He also recalls that Obama tread the path when he reestablished diplomatic relations, signed 22 agreements still in force and sealed his legacy with a directive that can be restored.
“It would be a clear sign with little political cost that the U.S. is returning to the ‘soft power’ policies and leaving behind Trump’s coercions,” said the former diplomat.
For López-Levy, Washington would also achieve “greater influence in the (economic) reform processes taking place in Cuba.”
Another argument, supported by Cuban Americans, is the need to normalize consular services to unblock immigration agreements, visas, and family reunification programs.
Health cooperation to face COVID-19 would also be a factor in favor, with the antecedent of joint work in Africa against Ebola, recalls Carlos Alzugaray.
AGAINST: HUMAN RIGHTS AND VOTES IN FLORIDA
The factors against are summarized in the figures—some powerful—that systematically oppose a rapprochement as long as the island does not advance in democracy and human rights, conditions that “they know perfectly well Cuba is going to reject,” said LeoGrande.
He recalled that some Democrats also fear the electoral cost in Florida, where Trump garnered more Cuban-American votes in 2020 than in 2016.
“The Democrats will never outperform the Republicans when it comes to a hard line with Cuba. Instead, they should appeal to the growing Cuban-American segment that supports reconciliation,” he said.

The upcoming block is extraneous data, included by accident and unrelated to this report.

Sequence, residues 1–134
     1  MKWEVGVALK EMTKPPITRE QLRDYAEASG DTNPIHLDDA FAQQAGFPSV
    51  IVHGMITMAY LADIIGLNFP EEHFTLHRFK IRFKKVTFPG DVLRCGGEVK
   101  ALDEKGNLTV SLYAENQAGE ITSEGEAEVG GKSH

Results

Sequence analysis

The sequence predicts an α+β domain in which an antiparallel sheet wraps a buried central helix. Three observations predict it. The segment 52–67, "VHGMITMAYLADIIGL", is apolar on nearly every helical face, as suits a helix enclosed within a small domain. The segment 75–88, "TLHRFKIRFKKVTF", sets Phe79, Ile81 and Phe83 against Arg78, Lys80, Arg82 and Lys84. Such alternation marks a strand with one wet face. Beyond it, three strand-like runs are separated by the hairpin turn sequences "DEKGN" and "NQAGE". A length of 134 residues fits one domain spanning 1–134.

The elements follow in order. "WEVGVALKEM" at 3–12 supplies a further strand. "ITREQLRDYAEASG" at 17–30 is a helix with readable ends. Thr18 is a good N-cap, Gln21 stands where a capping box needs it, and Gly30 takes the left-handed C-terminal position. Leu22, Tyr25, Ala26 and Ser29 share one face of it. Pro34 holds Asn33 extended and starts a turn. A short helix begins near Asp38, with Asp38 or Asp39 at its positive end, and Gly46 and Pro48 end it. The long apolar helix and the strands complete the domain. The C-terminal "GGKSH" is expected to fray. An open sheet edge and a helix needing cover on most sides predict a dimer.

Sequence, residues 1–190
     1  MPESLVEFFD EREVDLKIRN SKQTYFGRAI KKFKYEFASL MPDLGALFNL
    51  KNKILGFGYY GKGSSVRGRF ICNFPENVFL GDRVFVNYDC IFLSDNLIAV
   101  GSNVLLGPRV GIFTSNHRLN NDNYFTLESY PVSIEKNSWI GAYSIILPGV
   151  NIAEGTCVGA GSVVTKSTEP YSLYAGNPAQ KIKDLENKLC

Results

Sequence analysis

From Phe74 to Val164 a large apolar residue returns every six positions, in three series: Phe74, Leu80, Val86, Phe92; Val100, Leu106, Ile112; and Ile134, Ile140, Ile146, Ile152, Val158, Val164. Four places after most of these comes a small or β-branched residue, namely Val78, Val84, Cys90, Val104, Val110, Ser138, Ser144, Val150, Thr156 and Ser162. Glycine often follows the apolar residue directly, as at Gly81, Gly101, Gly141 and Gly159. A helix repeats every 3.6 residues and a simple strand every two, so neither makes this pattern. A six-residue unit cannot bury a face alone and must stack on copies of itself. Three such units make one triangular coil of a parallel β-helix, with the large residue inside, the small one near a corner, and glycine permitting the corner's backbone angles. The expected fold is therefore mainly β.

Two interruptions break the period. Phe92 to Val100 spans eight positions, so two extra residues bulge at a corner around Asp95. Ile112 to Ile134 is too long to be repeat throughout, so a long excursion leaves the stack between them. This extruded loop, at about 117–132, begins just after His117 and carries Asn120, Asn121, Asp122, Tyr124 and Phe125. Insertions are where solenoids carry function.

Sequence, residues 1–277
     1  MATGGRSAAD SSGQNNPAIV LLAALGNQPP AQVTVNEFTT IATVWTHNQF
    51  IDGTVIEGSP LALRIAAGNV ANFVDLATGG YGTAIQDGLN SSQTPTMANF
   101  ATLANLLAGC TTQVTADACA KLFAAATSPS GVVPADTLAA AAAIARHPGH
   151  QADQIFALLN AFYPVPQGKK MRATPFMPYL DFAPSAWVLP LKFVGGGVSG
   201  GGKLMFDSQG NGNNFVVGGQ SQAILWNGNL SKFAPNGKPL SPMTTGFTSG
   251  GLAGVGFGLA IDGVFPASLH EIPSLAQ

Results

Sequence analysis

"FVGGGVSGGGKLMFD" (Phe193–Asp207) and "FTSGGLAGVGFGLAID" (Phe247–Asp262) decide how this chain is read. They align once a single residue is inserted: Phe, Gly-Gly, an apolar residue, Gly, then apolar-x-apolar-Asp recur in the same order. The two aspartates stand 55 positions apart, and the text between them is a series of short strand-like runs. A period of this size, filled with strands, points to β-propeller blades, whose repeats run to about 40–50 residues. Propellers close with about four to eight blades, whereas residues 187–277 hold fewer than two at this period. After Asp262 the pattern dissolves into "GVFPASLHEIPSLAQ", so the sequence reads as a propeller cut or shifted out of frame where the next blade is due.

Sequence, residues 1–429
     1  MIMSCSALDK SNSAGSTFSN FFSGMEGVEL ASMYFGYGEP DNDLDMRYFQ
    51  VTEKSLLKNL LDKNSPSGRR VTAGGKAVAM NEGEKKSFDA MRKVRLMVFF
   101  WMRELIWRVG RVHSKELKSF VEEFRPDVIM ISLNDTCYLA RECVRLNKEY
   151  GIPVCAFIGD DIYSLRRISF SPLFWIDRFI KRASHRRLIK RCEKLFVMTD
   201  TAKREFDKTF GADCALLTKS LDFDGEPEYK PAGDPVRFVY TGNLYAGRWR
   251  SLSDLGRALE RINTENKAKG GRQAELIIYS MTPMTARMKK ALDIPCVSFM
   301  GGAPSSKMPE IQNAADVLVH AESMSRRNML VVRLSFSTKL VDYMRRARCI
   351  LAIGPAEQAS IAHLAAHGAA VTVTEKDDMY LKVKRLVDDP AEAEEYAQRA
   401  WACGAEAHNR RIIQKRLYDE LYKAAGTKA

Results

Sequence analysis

Alzugaray also is of the opinion that this electoralist vision harms a rapprochement in which Biden would have to “invest political capital to cushion the consequences with sectors of his party such as Senator Bob Menéndez from New Jersey, and some Republicans.”
And “in the grand scheme of things,” with the many open fronts that the new president has, “perhaps Cuba is not a priority,” he pointed out.
“If he does it separately in a context in which the U.S. continues to be overwhelmed by the crisis of the pandemic, it could be interpreted as a lack of adequate priorities,” López-Levy also warns.
WHAT DOES CUBA SAY?
Despite the escalation of hostility, Cuban President Miguel Díaz-Canel has reiterated that his country will dialogue as long as Washington does not expect political concessions and relations are based on common interests.
The latest gestures, however, don’t go in that direction. Havana has not yet congratulated Biden—at least publicly—, the Cuban and Russian foreign ministers spoke by phone a day after the Democrat took office, and the rhetoric of the state media is not very friendly.
“If there is no secret contact, many people have the feeling that Cuba’s response is ambiguous. The media associated with the government seem to be suffering from ‘post-Trump’ traumatic shock and not giving Biden the warm welcome like other countries,” said Alzugaray.
In contrast, a new head of mission, Lianys Torres, has arrived at the Cuban embassy in Washington these days, a diplomat whose long experience and good spirit have been highlighted by experts on the island’s politics.
THE ETERNAL EMBARGO
Although the Democrats have taken over the White House and both Houses, the prospects for Biden to lift the embargo in force since 1962 and codified in the Helms-Burton Act (1996) seem distant.
For Biden, LeoGrande said, a lot of political capital would be at stake in an issue with opposition not only from the Republicans, but from members of his own party such as Menendez or Congresswoman Debbie Wasserman-Schultz, among others.
“Repealing it would require the vote of two thirds of both houses, it is almost impossible,” agrees Alzugaray, who suggests that an alternative that would deliver a “lethal blow” to the embargo would be to pass a law that gives Americans freedom to travel to Cuba.
According to López-Levy, “the logical thing would be for the president to look for ways to give licenses to ‘open holes’ in the embargo, creating publics interested in its dismantling and who pressure the Legislative, as Obama was doing.”